The 20th century has seen some terrifying autocrats (not that the 21st is any slouch). With How to Feed a Dictator, coming from Penguin Books in April, Polish author and journalist Witold Szablowski considers these men (yes, only men... are you surprised?) through conversations with their chefs. He chose five: Idi Amin, Fidel Castro, Enver Hoxha, Saddam Hussein, and Pol Pot. Encouraged to pursue the idea by Penguin executive editor John Siciliano, Szablowski traveled to four continents—as he notes in the book, “from a godforsaken village in the Kenyan savanna to the ruins of ancient Babylon to the Cambodian jungle where the last of the Khmer Rouge were in hiding”—to find those who fed them.

Szablowski had a “spectacular short career” as a chef in Copenhagen when he was 24 years old (he’s 40 now): “I had firsthand experience with the ‘kitchen world,’ ” he says. “I found it exciting and the chefs interesting. I always thought about them, and when I wrote Dancing Bears: True Stories of People Nostalgic for Life Under Tyranny, what I enjoyed most was talking to the people who were not the main characters—the people on the sidelines.”

Then Szablowski saw Cooking History, a documentary film about army cooks and their affect on the outcomes of battles. “I thought about how soldiers die and are injured—for money, for glory—but chefs have practical problems,” he says. “Their noses are close to the ground. They have to find the food, the chickens, the vegetables, or else. I knew I had my subject.”

For two years, Szablowski thought about his idea. Enter Siciliano, who was in Krakow in June 2015 on a fellowship for publishers to meet writers. It was at a seminar at a university that Siciliano first heard about Szablowski. “I was at a luncheon, and there he was,” Siciliano says. “I talked with Witold about his idea and thought it was a great premise. A few months later I signed a two-book deal.”

Siciliano bought Dancing Bears and contracted for what would become How to Feed a Dictator for world English rights. “I’ve been to these conferences all over the world, and this was the first time I came back to New York with a book in hand,” he says.

With the offer, Szablowski’s work was just beginning. Originally he considered dictators from Central and Eastern Europe, but once he had American interest, he thought he should expand his range. “I printed out a map of the world and marked the dictators,” he says. “One of the parameters for me was that the chefs had to be alive. But I wasn’t sure I could find the chefs; it took me four years. Saddam Hussein’s chef, for example, didn’t want to be found. He has been in hiding since the American invasion.”

Szablowski started working on the book in November 2015. Hoxha of Albania was his first dictator—a good one, Szablowski thought, “to cut his teeth on,” given Albania’s proximity to Poland. He found Hoxha’s chef running his own modest restaurant, and though he was sociable, he was also fearful and asked for anonymity. Hoxha was a vicious dictator, sending hundreds of thousands of Albanians to labor camps and executing some 6,000.

“Hoxha was diabetic,” the chef told Szablowski. “And I knew that my life depended on Hoxha’s health. If he were to die, they’d say, ‘The chef didn’t take enough care with his diet.’ ”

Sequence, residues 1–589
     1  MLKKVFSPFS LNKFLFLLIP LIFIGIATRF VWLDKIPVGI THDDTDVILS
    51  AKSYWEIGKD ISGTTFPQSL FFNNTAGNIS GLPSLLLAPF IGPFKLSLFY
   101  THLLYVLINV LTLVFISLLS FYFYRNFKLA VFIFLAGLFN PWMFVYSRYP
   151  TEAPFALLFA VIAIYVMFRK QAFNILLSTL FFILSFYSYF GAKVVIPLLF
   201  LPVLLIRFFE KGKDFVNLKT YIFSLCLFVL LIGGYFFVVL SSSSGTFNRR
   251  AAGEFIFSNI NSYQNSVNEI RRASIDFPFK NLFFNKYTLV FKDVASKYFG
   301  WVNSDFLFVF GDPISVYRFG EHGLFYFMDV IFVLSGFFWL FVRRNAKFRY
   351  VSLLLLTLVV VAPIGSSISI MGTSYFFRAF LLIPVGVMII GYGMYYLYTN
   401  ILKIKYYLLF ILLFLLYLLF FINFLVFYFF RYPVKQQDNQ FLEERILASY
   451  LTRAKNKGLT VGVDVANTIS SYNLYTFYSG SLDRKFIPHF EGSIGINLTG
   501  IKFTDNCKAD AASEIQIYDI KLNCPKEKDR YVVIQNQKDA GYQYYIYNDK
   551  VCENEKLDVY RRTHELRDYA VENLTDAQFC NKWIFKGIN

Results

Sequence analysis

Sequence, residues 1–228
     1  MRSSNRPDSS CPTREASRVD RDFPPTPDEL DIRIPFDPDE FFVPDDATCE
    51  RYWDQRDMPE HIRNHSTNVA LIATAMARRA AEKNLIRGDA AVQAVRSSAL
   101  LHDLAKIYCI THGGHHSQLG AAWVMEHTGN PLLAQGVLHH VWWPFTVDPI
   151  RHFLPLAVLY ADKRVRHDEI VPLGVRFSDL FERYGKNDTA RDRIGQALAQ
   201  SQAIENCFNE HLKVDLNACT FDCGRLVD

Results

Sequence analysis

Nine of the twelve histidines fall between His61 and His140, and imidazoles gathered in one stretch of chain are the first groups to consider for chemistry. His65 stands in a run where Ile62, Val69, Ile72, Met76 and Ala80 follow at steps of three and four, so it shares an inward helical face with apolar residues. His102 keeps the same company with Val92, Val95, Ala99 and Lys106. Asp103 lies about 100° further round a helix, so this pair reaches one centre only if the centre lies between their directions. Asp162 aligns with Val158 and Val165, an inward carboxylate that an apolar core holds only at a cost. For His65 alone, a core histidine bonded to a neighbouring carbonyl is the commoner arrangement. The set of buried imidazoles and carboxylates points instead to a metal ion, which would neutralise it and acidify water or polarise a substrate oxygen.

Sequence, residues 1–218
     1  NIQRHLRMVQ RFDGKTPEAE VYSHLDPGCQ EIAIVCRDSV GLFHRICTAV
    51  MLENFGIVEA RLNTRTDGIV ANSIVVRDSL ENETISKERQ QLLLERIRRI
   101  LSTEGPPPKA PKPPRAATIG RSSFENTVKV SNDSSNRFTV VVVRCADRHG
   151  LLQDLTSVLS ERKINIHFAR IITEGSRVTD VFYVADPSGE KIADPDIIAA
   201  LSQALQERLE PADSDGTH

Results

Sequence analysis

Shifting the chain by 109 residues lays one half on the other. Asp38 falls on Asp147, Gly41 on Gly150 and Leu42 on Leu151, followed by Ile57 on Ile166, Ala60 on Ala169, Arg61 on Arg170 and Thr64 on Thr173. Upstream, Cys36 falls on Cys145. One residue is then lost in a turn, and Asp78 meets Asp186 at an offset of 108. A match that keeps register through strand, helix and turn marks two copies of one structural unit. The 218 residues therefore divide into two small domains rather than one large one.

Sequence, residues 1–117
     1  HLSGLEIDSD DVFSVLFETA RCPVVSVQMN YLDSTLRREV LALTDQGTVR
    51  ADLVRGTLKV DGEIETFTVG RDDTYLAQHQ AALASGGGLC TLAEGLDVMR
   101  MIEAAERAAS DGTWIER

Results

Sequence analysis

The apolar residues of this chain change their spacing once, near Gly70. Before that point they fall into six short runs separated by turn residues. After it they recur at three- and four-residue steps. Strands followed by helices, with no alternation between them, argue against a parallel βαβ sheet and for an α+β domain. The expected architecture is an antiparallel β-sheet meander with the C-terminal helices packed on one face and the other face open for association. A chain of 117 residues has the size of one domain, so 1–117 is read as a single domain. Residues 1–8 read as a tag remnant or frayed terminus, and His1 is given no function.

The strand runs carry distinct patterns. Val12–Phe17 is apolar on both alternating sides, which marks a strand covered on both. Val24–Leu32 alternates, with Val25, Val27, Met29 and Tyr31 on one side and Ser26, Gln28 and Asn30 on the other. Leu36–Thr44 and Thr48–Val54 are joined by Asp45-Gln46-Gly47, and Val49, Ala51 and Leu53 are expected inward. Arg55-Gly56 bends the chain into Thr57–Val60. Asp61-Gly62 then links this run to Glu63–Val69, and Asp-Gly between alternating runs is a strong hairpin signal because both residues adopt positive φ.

Idi Amin’s chef also had his share of terror, although early on he enjoyed a good salary and was given a Mercedes-Benz. He recalls one of his specialties: a whole stuffed goat served looking as though it were still alive. But Amin became increasingly erratic.

“Every year it grew worse,” Amin’s chef told Szablowski. “Everyone in the palace knew someone who had lost his life.... You ask how I could cook for such a monster? Well, I had four wives and five children. Amin had tied me to him so that I couldn’t leave.”

What Szablowski found most interesting was that, for the chefs of Amin, Hoxha, and Hussein, cooking was their job; they were professionals, whereas Castro’s and Pol Pot’s chefs began their careers as partisans. They believed in their leaders’ revolutions and had closer relationships with them.

Castro’s chef had been his bodyguard and was sent to him by Che Guevera. Castro trusted him and sent him to cooking school for three years. “I’ll always care about him, Fidel, my el Comandante,” he told Szablowski. “He’s everything to me. He’s my entire life.”

Pol Pot’s chef was a teenager when she came to cook for him; he was over 40. “He made her love him,” Szablowski says. “She is one of the last living Pol Pot–ists and, at first, was reluctant to talk, even though he’s been dead 20 years. She told me how beautiful he was, how beautiful his smile was. I kept the hardest questions for the last day, asking her if they were ever physical with each other. She said no, he never even held her hand, but she loves him to this day.”

Siciliano saw the first draft in January 2019 and, after editing that he says dealt mostly with architecture, he had a finished manuscript in June 2019. “Witold has a gift for metaphor and understanding other cultures,” Siciliano notes. “He’s not only a great storyteller, he gets great stories out of people; he has a gift for establishing rapport. And there’s his adventurous spirit. It’s reflected in his writing—a liveliness.”

An excerpt will appear in Harper’s with the title “Koftaesque.” A radio satellite tour is planned, and Szablowski has been invited to the PEN World Voices festival in New York City in May.

Szablowski says his mission is to present what he calls “a panorama of big social and political problems seen through the kitchen door.” He’s captured the personality of monstrous men through their intimates, and he thanks his guides and interpreters for making it possible to “visit each cook as if I were going to see an old friend.”